Like 24 million of us, Chinese food is my go-to takeaway choice. I remember trying Chinese food for the first time, my 8 year old mind was blown! One taste of the beautifully steamed har gow, salt & pepper sui mai and crispy duck pancakes, I was hooked. Memorising my favourite dishes by number and name, I always wanted to be the first to choose what we had to eat.
Ever since, I count down the days to our ritual Friday night Chinese takeaway. Unfortunately after over 20 years of the crispy duck, steamed dumplings, deep fried wontons, prawn crackers and spare ribs every week, it has started to be a bit of a strain on the wallet.
So in an effort to continue our ritual, but lessen the impact on my bank account, I went in search of a Chinese cookery book. I needed one that was not only easy to understand but didn’t have 3 pages of ingredients for every dish and still included all of my favourite takeaway choices.
After weeks of searching and research, I was actually in Waterstones buying a gift for my wife when I discovered “Kowklyn Wan’s Chinese Takeaway”, this absolute gem broadened my mind to all things chinese takeaway.
Kwoklyn has an impressive Chinese culinary pedigree, having grown up in Leicester with his brother Gok, he is a third generation restaurant owner; with his grandfather opening Leicester’s first Chop Suey House in 1962. His father went on to open Leicester’s very first Cantonese restaurant in 1978. It wasn’t until they opened “The Panda” in 1983, that Kwoklyn started his chef career washing pots and peeling prawns. At sixteen he left school and became a full time chef at The Panda restaurant, creating amazing Cantonese and Szechuan dishes. The business soared, even making it into The Good Food Guide, where they stayed for several years.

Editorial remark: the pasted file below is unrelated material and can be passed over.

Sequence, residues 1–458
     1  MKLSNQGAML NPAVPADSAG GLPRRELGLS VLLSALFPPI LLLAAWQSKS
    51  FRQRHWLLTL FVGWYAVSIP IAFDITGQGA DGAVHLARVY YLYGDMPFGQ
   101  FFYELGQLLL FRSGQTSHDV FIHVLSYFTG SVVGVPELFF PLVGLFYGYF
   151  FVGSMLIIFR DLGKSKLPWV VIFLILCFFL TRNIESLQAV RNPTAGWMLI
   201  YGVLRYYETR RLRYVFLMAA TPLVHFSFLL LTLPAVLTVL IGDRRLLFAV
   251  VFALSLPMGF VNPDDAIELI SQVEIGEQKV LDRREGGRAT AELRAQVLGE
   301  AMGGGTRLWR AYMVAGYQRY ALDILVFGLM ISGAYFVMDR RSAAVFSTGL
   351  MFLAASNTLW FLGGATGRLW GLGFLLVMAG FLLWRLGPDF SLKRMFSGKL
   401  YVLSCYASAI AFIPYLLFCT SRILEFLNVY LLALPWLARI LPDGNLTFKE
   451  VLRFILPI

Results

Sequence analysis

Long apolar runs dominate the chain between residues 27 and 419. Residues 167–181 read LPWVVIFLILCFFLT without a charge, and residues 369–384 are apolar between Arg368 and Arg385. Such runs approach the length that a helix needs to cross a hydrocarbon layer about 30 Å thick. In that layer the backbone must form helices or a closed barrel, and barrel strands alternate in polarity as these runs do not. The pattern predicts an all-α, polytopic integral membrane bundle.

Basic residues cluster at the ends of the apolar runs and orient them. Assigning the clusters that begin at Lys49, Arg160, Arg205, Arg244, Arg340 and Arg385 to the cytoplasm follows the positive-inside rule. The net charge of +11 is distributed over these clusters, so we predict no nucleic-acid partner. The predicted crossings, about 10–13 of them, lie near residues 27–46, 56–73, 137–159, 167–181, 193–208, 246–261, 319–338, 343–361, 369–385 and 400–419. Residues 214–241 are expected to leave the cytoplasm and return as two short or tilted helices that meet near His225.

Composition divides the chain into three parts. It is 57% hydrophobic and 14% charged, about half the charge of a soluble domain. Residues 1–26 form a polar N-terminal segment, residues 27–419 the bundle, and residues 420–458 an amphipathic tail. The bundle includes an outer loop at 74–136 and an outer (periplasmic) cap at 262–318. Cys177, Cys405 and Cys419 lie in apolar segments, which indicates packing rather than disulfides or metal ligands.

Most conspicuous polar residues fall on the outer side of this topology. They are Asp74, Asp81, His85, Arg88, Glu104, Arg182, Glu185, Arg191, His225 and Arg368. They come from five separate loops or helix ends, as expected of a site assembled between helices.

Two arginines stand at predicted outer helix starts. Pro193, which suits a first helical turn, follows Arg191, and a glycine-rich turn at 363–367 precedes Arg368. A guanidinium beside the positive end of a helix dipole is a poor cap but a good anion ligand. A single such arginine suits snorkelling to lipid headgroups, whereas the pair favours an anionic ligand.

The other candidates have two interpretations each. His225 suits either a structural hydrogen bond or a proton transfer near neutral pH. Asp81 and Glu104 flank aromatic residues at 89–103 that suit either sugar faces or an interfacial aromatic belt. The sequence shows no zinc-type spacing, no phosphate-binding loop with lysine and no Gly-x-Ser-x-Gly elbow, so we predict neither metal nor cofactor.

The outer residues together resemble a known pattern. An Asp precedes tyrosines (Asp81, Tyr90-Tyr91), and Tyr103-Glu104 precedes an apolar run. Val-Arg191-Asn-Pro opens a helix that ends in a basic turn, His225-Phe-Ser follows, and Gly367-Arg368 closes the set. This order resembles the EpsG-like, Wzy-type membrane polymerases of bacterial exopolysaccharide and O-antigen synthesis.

He has since joined the Wan family restaurant dynasty, when he opened his Hong Kong street food bar and Taiwanese bubble tea store. Whilst he has had many varied business activities over the years, cooking has always remained at the heart.
The main issue I have had with Asian cookery books is the specialist ingredients needed to complete the recipes; However Kwok's Chinese takeaway recipes are more than achievable, if you have a reasonably well stocked supermarket you shouldn’t have any problems cooking from his recipes.
The book consists of 7 chapters: Starters & soups, chicken & duck, seafood, beef & pork, vegetables, rice & noodles and sandwiches & sweets. The nicest surprise was the little QI-esque chapter on Chinese etiquette and customs, this was a really nice addition and one I had not seen anywhere else.
A classic Chinese takeaway dessert. I love the simplicity of this recipe.
Tempura banana with golden syrup and vanilla icecream. It has a 15 minute frying time, which seems like a lot and you may be tempted to cut it short, but it is well worth the wait as the slightly lower frying temperature and time give the batter time to get really crispy and the banana to get extra gooey. A great way to finish any meal.
I think that tofu is a hugely underrated ingredient in this country. It is incredibly versatile and this recipe shows it at its best, crispy on the outside and soft in the middle. The sauce beautifully blends the 5 traditional flavours of Chinese food.
This is quick, tasty and a perfect entry point for any tofu novice.
This was by far the biggest, most welcome surprise of the entire book for me personally.
Chicken is one of my absolute Chinese takeaway favourites, this recipe does not disappoint.
These satay skewers are perfectly spiced, I have embellished a little with the presentation but they are incredibly simple.
I would double the recipe, because when you smell these things cooking I would be surprised if they all make it to the table!